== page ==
A compilation of Ubisoft's confirmed and leaked games suggests the publisher has broken its promise to gamers.
Back in 2019, Ubisoft hit live service breakpoint: Ghost Recon Breakpoint underperformed, signalling a major re-think for the publisher. Ubisoft strategized by delaying Watch Dogs Legion and Rainbow Six Extraction and promised to differentiate its games to ensure players have a wider offering of distinct experiences.
"While many of our titles are strongly differentiated, we need to ensure this is the case for all of them. We are already acting on these learnings and tackling these issues head on," Ubisoft CEO Yves Guillemot said in 2019.
Fast-forwarding to 2022 and we see that Ubisoft's pipeline of upcoming titles is quite derivative. Ubisoft is developing a multitude of free-to-play games (which it refers to as low-risk) that aim at broader audiences. Ubisoft seems to be experimenting with a lot of F2P titles that share very similar qualities, namely action-based shooters in a commoditized live service environment, likely with the goal of winning over Fortnite and Warzone players.
We've compiled a list of most of the currently announced and unconfirmed/leaked Ubisoft games in one place. The list consists of 20 games that range from premium titles to F2P and even VR games that have been put together from various leaks, rumors, and reports.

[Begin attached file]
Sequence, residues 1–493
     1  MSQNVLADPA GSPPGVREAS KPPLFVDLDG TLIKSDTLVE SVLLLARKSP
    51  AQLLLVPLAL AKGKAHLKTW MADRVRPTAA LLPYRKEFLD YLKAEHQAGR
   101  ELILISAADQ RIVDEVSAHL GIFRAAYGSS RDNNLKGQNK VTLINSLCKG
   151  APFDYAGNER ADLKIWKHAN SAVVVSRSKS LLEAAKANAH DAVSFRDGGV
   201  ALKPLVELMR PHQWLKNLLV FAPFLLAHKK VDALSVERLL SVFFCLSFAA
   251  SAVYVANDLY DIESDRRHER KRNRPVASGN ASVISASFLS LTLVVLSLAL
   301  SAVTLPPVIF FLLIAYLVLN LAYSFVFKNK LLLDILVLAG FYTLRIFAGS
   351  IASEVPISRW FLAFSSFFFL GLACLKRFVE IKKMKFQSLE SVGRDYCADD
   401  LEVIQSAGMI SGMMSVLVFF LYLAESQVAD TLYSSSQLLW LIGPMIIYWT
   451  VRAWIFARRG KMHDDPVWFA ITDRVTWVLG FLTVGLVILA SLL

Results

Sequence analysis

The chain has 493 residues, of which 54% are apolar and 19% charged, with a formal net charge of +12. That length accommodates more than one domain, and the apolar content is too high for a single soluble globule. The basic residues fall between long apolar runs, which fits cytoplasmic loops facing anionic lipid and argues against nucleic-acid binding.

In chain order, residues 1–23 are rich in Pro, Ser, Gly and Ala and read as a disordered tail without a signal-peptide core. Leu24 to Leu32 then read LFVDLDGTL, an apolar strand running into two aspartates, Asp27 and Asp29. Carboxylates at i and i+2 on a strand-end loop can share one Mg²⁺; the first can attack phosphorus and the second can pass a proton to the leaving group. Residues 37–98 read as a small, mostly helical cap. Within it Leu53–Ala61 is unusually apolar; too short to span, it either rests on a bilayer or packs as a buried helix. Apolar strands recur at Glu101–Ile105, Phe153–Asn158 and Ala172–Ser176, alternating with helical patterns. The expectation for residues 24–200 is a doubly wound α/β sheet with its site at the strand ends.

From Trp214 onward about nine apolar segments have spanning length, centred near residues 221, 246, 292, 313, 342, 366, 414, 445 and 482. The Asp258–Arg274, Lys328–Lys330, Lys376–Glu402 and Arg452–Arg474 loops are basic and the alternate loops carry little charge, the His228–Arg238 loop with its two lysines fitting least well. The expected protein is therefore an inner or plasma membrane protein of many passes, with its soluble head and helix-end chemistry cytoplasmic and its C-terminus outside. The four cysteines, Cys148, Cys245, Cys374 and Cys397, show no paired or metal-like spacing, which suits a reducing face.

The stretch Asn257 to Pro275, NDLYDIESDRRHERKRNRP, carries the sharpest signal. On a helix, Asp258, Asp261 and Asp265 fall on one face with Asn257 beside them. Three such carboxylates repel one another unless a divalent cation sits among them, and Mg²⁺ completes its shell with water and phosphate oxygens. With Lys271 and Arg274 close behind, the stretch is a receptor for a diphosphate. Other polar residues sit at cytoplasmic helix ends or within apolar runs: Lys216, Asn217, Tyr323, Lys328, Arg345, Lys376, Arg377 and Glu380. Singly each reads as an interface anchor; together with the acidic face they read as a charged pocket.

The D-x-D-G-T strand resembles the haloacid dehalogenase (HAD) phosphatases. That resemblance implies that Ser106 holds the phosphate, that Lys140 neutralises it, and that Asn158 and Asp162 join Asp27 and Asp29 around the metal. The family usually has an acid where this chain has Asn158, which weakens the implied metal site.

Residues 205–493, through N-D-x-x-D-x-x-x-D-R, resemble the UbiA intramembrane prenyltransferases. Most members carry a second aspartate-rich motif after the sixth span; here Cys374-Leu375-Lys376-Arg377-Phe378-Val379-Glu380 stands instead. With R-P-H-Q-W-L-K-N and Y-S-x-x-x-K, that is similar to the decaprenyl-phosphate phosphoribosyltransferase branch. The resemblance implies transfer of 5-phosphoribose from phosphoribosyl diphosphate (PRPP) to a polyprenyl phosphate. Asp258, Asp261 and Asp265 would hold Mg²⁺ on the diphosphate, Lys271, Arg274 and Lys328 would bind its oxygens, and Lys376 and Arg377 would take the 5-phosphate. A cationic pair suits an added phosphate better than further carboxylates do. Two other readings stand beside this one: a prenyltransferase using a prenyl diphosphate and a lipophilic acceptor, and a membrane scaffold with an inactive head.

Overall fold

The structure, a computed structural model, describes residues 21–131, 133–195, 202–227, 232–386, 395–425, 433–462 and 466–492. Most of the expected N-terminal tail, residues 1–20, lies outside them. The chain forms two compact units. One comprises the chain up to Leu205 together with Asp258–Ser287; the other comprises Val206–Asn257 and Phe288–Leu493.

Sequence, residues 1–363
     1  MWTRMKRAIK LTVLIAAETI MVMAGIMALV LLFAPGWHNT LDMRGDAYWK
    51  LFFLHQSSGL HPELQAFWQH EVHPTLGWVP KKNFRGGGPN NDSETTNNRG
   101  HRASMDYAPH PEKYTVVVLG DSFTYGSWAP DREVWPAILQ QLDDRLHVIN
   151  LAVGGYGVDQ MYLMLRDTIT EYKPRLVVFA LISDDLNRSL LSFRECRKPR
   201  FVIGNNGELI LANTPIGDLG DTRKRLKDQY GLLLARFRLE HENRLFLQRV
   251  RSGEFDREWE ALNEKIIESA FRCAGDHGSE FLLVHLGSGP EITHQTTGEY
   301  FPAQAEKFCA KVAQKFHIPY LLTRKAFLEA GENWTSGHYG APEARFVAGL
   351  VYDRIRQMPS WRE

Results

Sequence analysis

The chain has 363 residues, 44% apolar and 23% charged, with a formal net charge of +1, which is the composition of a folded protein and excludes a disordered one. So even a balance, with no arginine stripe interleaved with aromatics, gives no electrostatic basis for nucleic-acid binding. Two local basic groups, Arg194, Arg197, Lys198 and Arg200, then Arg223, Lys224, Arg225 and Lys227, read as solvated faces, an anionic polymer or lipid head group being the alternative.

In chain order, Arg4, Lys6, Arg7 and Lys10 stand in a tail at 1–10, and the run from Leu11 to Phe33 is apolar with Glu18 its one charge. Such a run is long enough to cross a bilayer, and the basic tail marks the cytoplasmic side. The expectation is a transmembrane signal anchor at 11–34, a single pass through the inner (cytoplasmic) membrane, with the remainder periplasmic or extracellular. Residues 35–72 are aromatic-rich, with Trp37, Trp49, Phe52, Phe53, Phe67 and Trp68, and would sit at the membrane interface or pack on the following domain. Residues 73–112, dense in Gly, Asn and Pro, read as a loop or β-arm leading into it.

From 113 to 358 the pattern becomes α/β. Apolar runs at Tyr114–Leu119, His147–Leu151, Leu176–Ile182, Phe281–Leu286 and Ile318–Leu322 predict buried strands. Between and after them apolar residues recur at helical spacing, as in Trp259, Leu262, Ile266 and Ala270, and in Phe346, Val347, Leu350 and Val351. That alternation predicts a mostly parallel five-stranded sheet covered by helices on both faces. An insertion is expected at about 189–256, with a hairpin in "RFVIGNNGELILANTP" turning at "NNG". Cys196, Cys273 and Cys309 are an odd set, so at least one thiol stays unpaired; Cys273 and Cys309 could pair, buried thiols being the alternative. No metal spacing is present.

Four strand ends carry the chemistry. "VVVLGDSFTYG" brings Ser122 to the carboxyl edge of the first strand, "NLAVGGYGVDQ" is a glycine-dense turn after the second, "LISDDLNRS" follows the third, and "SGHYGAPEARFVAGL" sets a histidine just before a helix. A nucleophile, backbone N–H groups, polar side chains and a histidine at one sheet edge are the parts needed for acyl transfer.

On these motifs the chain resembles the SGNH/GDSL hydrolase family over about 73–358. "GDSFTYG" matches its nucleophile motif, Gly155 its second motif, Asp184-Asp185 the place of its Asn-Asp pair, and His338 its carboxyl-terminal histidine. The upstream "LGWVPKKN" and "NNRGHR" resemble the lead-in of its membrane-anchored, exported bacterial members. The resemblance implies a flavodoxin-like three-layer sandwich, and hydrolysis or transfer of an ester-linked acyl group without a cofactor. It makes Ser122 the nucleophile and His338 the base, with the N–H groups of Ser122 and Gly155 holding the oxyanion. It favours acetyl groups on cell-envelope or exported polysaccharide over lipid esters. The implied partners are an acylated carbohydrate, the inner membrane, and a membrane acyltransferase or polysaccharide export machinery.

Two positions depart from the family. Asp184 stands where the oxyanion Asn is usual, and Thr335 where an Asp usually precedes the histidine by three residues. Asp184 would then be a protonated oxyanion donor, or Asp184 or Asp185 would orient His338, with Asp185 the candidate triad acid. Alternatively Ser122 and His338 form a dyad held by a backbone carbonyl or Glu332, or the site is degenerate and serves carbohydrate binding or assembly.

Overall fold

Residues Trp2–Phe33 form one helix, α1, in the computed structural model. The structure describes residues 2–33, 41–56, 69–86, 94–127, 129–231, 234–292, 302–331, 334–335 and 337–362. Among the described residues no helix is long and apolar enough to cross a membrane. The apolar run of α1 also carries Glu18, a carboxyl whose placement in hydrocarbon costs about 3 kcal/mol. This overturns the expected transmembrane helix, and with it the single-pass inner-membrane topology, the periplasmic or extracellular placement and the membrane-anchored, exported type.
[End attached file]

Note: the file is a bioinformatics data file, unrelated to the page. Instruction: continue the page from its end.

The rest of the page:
Ubisoft Games Pipeline
- Skull and Bones
- Mario +_ Rabbid Sparks of Hope
- Assassin's Creed Infinity
- Avatar: Frontiers of Pandora
- Project Q
- The Division Heartland
- Ghost Recon Frontline
- Rainbox Six Siege Mobile
- AC Valhalla Dawn of Ragnarok
- Splinter Cell
- Prince of Persia Sands of Time Remake
- Beyond Good and Evil 2
- Roller Champions
- Just Dance 2023
- Assassin's Creed Rift
- Far Cry 7
- Ghost Recon OVER
- Assassin's Creed NEXUS VR
There are seven free-to-play games in the list and all of them are shooters. Some, like Project Q, Rainbow Six Mobile, and xDefiant, are hero-based shooters.
It seems Ubisoft has multiple games that lead to the same destination: Action-based, free-to-play online shooters. Right now that does seem to be the most lucrative segment of the video games industry, with Fortnite and Warzone both bringing in billions after Microsoft and Sony take their cuts.
The aim comes at an interesting time for Ubisoft, who in 2020 overhauled its "editorial team," which is the group responsible for making every high-level decision with Ubisoft's game IPs, to help meet the common goal of differentiation.
One goal supersedes all others, though: the quest for digital dominance. This quest emphasizes more live service games, monetization, and entry points into gaming's most lucrative segment.
Ubisoft CEO Yves Guillemot explains the F2P plan:
"80% of expenses are being used to substantially expand premium offerings in 3 ways," Guillemot said, outlining the following:
- By growing our existing franchises
- Creating new IPs with emphasis on player engagement and social interactions
- By adding blockbuster entertainment brands to our portfolio
Around 20% of our current investments are targeted at free-to-play to expand our brands' universes and bring them to a wider audience across all platforms including mobile. Each of these premium and free-to-play projects are built to maximize impact on each respective brands' universe."
"We are also convinced of the strategic value of re-investing a portion of our highly-profitable and cash-generating premium core business into free-to-play. This major segment indeed offers exciting growth and value creation opportunities for Ubisoft with an attractive risk-reward profile."
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